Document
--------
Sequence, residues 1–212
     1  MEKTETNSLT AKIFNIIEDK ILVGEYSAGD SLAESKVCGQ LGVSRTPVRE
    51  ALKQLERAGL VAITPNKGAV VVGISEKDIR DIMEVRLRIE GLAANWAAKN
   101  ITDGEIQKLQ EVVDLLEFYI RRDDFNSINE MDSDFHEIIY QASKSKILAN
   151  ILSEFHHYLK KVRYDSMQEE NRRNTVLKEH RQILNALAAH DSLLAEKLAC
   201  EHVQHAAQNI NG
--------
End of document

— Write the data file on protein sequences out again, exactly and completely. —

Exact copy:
Sequence, residues 1–212
     1  MEKTETNSLT AKIFNIIEDK ILVGEYSAGD SLAESKVCGQ LGVSRTPVRE
    51  ALKQLERAGL VAITPNKGAV VVGISEKDIR DIMEVRLRIE GLAANWAAKN
   101  ITDGEIQKLQ EVVDLLEFYI RRDDFNSINE MDSDFHEIIY QASKSKILAN
   151  ILSEFHHYLK KVRYDSMQEE NRRNTVLKEH RQILNALAAH DSLLAEKLAC
   201  EHVQHAAQNI NG